Snail Kite, photo by Lip Kee via Wiki Commons.

Snail Kite

Look for

The snail kite is a medium-sized hawk with a narrow, dramatically hooked bill with an orange base and black tip. It has broad wings and a squared-off tail with a band of white across the tip and base. It has reddish-brown eyes and orange legs. Males are a uniform dark bluish-gray, and female and juvenile snail kites have a streaked brown, yellow, and gray plumage with buff on the face.

Listen for

The snail kite isn’t a very vocal bird, but its call is low, grating cackle of krreh-keh-keh-keh.

Find it

In the United States, the snail kite can be found only in central and southern Florida. It lives in open, shallow water environments, especially sawgrass habitats. The snail kite can also be found in Cuba, and from southern Mexico south to Argentina. In these tropical environments, the species can also be found in wet agricultural fields. The snail kite does not migrate, but it is sometimes nomadic when searching for a suitable and sustainable feeding environment.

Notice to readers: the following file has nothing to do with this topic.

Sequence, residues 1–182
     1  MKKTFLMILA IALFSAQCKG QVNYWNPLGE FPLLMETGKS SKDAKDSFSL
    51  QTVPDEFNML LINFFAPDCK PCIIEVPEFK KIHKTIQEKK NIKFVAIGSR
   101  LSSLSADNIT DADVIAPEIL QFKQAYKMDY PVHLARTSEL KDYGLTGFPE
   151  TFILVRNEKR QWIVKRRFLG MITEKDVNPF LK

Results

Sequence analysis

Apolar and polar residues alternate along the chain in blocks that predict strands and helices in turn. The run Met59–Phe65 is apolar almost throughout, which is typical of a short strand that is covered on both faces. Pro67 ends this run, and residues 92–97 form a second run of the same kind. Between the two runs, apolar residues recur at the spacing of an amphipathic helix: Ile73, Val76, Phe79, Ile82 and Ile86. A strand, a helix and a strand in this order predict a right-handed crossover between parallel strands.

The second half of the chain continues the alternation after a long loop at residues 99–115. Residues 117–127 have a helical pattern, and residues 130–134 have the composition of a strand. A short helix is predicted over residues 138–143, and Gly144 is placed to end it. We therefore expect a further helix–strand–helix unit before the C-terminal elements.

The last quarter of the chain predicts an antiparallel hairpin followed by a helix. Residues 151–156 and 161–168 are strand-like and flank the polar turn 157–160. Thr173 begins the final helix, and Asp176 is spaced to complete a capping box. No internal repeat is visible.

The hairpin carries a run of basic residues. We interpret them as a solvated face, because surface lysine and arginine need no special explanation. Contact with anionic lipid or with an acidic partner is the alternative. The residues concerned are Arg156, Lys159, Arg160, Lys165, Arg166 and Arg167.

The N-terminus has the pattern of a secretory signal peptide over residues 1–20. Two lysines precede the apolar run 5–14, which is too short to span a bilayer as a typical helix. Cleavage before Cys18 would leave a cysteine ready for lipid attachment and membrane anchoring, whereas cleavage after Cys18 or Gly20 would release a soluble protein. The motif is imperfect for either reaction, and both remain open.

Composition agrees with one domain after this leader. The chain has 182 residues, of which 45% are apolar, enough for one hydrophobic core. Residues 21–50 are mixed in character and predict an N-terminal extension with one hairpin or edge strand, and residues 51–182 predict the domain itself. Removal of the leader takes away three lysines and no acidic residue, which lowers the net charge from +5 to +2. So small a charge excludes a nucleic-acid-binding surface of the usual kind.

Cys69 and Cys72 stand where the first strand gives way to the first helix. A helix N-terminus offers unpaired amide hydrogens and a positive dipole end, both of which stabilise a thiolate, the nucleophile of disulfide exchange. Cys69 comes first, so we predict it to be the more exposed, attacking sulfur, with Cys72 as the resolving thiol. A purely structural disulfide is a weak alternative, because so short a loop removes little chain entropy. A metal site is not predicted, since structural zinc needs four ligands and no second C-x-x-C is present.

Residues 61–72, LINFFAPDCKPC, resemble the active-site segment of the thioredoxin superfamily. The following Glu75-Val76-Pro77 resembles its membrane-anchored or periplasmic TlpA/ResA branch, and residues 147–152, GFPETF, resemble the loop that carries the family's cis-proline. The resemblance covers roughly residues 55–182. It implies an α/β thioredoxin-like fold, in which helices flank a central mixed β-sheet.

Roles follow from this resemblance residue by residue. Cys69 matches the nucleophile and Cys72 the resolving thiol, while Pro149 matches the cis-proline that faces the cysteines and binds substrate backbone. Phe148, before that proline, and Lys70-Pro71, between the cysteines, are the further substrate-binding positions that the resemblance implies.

As its name implies, the snail kite feeds primarily on snails—particularly apple snails among the Florida population of kites. If there is a drought or if snail populations are low, the snail kite also may also feed on turtles, crabs, or rodents. The snail kite catches its prey by gliding over lakes or marshes and snatching snails with its feed from the water’s surface. It is often seen sitting on a perch, looking for snails before swooping down to catch them.

Nesting Behavior

The snail kite places its nest over water 3 to 10 feet above the ground in a shrub, small tree, or among marsh grasses. The male primarily constructs the nest, forming a large, bulky mass of twigs and sticks lined with leaves, weeds, and vies. 

The female lays two to four eggs that are off-white with brown splotches. Both parents incubate the eggs for 26-38 days before hatching. Both parents care and feed the young for three to six weeks before one of the parents moves on. The remaining parent cares for the young until they reach an independent age of nine to eleven weeks old.